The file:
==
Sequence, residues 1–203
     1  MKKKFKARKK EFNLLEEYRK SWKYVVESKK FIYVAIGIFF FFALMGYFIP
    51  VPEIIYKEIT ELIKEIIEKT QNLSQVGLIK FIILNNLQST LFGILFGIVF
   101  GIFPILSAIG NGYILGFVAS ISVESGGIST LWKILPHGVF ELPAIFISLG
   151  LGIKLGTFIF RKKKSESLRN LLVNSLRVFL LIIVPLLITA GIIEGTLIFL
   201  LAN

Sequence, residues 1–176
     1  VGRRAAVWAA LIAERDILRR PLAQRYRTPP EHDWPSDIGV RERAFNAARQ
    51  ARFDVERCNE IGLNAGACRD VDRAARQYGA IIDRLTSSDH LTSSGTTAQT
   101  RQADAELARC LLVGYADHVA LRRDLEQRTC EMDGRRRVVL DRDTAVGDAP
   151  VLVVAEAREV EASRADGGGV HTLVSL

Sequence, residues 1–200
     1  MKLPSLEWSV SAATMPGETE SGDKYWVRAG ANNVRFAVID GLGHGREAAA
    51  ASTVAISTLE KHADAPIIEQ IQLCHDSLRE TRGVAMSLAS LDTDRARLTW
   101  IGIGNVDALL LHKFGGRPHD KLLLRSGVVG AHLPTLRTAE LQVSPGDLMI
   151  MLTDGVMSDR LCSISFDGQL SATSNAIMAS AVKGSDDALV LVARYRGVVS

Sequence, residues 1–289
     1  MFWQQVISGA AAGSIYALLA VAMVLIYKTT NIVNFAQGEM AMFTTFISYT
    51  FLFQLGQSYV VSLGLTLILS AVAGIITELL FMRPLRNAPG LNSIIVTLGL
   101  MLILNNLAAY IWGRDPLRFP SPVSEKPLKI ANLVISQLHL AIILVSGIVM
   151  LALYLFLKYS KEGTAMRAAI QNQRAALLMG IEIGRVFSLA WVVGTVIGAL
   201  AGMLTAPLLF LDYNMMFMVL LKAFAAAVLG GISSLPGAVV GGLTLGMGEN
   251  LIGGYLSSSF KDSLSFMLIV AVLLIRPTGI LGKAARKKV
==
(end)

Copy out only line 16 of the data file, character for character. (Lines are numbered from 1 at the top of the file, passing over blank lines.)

   151  MLTDGVMSDR LCSISFDGQL SATSNAIMAS AVKGSDDALV LVARYRGVVS